Case in point--at the AR open pork catagory--after throwing out the bottom score our scores were 888 999 999 999 996--my very first thought after seeing those scores is that I F^^%ded the pooch in putting the pork in the box--musta left one not so good pc there!

It takes cooks, judges and those that work so hard on putting the contests together to make this all work

the whiskey is starting to wear off--so it must be time to say see ya

Buzz

Coz
10-22-2007, 07:30 PM
you are right--judging isn't as tough as cooking for sure!! But both sides are volunteers! When I volunteer to cook usually plan on spending maybe 600bucks+++ to do a contest--and of course that isn't figgering the 'cost' of the cookers, 20' trailer and newer diesel truck<sf>--
Judges volunteer for pretty much a thankless job--unless of course you get your name called lots of times! Lots of time it seems that judges get blamed for that one bad rib we decided to turnin or maybe a couple those thighs just weren't as good as the other four!

Case in point--at the AR open pork catagory--after throwing out the bottom score our scores were 888 999 999 999 996--my very first thought after seeing those scores is that I F^^%ded the pooch in putting the pork in the box--musta left one not so good pc there!

It takes cooks, judges and those that work so hard on putting the contests together to make this all work

the whiskey is starting to wear off--so it must be time to say see ya

Buzz
All of this and still finds time to put up with dumb questions from newbies like me stumbling around his cook area.I am still amazed that with all the expense and time that the winning teams put in that they will take time to talk with people that are wanting to compete and then after a long summer of week after week comps they VOLUNTEER to judge at a contest hours from home.From what I have read the contest at Lambs must have had as many of the areas top competitors judging as cooking.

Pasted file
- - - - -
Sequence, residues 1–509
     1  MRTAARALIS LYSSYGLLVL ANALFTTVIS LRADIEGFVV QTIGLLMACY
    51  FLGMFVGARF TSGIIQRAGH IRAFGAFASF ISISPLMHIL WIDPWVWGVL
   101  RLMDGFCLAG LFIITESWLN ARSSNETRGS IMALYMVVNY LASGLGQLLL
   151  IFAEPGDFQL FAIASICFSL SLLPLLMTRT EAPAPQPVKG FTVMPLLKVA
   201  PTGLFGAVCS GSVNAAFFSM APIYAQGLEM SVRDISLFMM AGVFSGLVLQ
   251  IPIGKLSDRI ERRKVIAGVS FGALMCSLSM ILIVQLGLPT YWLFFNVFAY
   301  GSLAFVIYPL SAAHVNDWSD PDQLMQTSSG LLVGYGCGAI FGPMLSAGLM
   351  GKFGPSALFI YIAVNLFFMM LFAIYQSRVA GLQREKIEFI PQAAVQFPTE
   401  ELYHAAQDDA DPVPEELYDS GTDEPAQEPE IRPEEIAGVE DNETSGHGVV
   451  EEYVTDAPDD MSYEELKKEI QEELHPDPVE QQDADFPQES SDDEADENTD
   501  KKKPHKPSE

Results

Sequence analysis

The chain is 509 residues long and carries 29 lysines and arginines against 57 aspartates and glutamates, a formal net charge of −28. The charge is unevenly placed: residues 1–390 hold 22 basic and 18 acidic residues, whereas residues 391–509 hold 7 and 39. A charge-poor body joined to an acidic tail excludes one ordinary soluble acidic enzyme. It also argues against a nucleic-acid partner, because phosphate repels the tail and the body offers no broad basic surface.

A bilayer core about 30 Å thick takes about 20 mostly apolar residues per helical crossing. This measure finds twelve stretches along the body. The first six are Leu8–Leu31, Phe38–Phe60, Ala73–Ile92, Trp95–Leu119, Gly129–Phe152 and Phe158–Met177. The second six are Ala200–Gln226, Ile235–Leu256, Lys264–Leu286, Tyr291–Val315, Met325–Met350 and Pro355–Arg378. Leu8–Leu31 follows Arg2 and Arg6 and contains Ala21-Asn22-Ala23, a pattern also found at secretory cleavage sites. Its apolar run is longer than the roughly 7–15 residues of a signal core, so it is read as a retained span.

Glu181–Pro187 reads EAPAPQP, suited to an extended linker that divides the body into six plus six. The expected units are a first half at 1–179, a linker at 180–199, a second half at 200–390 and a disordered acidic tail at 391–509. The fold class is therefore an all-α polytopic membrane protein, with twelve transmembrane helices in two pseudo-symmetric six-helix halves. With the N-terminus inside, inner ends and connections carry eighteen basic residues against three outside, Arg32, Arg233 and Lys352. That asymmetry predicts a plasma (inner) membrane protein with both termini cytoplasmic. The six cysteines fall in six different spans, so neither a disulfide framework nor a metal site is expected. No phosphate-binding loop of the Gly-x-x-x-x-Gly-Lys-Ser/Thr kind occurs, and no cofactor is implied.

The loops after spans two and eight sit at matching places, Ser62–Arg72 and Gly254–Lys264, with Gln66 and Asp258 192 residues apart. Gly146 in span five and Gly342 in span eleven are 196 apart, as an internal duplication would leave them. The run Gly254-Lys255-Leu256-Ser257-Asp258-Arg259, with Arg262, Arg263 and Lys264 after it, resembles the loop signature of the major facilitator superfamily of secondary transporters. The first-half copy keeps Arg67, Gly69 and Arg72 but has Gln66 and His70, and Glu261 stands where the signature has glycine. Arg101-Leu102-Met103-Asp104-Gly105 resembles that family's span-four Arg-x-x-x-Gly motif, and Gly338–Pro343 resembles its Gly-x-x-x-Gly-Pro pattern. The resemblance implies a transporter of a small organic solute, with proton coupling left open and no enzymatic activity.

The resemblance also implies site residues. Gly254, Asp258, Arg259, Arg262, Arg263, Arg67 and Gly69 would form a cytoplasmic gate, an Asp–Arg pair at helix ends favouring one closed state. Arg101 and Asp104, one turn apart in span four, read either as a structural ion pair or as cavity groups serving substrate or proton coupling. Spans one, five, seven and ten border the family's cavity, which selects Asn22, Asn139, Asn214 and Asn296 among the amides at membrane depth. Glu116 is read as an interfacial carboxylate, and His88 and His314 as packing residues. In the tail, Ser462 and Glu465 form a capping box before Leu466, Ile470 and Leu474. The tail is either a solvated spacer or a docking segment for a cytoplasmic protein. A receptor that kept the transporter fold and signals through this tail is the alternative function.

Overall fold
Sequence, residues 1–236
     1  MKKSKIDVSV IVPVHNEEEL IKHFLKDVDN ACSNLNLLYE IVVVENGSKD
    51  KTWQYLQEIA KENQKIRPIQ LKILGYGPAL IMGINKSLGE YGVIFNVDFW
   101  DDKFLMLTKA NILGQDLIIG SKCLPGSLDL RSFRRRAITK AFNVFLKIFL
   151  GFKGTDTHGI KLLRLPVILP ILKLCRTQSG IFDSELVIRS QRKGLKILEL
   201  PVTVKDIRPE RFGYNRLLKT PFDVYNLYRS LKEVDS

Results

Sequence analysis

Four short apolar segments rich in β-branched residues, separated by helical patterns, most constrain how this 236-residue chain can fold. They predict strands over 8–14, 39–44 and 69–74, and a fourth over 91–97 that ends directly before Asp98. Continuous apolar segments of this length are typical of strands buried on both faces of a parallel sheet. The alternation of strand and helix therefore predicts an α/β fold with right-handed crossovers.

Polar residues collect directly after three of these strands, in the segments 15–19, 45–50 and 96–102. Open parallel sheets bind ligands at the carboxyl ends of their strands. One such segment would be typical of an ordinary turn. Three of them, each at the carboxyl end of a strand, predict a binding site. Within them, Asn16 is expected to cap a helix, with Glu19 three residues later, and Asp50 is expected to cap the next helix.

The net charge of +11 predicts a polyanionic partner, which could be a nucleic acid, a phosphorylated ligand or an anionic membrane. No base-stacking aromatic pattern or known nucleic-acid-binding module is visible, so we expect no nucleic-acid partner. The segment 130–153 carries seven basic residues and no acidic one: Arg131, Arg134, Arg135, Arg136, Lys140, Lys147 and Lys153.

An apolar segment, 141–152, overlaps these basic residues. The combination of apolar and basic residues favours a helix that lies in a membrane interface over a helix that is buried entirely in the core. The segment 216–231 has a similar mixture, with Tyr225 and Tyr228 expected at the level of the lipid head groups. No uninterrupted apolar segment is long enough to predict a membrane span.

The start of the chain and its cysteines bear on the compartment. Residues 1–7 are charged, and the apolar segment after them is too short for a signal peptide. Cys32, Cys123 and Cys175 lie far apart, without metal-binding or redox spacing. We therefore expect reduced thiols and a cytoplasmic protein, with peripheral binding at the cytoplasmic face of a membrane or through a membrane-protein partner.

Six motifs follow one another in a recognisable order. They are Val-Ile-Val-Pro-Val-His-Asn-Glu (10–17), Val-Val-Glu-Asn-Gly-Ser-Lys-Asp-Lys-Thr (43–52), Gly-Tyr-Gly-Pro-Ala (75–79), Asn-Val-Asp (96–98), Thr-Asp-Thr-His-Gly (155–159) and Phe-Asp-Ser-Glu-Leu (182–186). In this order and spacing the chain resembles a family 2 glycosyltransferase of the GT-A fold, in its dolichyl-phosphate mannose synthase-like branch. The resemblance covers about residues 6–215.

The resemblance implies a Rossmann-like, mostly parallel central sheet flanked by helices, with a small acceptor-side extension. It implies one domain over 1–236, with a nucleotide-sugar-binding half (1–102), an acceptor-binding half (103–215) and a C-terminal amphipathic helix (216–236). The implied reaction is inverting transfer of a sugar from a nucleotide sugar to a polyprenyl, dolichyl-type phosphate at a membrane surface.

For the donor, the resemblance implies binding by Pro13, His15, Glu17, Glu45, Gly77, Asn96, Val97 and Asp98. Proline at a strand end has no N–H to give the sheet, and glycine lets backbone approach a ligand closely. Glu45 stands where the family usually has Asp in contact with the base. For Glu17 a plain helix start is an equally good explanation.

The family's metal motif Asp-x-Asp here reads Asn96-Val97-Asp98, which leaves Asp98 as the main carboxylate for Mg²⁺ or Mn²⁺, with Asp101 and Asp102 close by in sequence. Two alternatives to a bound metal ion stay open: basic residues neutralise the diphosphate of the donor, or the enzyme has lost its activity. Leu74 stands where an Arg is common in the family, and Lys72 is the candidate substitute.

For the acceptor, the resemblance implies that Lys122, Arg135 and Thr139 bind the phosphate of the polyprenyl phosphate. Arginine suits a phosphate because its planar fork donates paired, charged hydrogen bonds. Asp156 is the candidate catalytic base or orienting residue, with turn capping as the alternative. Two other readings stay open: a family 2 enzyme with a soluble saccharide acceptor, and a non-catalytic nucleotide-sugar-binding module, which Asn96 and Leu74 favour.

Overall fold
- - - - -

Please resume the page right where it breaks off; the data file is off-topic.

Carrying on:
therese
10-22-2007, 07:38 PM
I am a serious, thoughtful, and compassionate judge with a great lifelong passion for barbecue. I think and taste carefully, aware of the love and hard work put into each entry. I don't like to give low scores and very rarely do so. I make use of the KCBS comment cards when made available and phrase my comments positively, beginning with what went well.
In the years that I have been judging, I have enjoyed the company of other thoughtful judges, all serious, all passionate about 'cue. Some of them have been cooks.
I continue to be puzzled by the cooks vs. judges talk. I too have heard the apocrophal stories about judges that grab and run, but I have yet to see one. I have been offered samples from teams after the competition is over, but, really, I am too polite to say what I really think. Judging is best done inside the tent.
There is little mystery to judging. While taste is subjective, all judges at a table tend to agree on what is best. And what is too salty, and what is undercooked. And what is absolutely delicious.
One should not have to cook to judge. An oncologist does not have to have cancer herself in order to treat it. Really, I would love to cook, but I can't. Geography limits me--I live on the twelfth floor. But I can taste, think, judge, and write. There is no one right way to develop a discerning barbecue palette.
Here's to our shared passion!

cmcadams
10-22-2007, 07:57 PM
I don't think the 'complaints' are about every judge or even half the judges, maybe 10%. If we were all against judges, we wouldn't compete.

I agree some teams take themselves too seriously, but that's very few. Same with judges, probably.

I disagree that teams are volunteers; they're in it to try to win something; that's not volunteering.

I also disagree that judges should be praised. There's only one that I praise, and it's not a barbecue judge (though He loves barbecue!). I may thank judges for their time, but I'm not going to put them on a pedestal; their job just isn't that tough, in my opinion (which I'm allowed to have, by the way, being a pretty intelligent person that's seen both sides).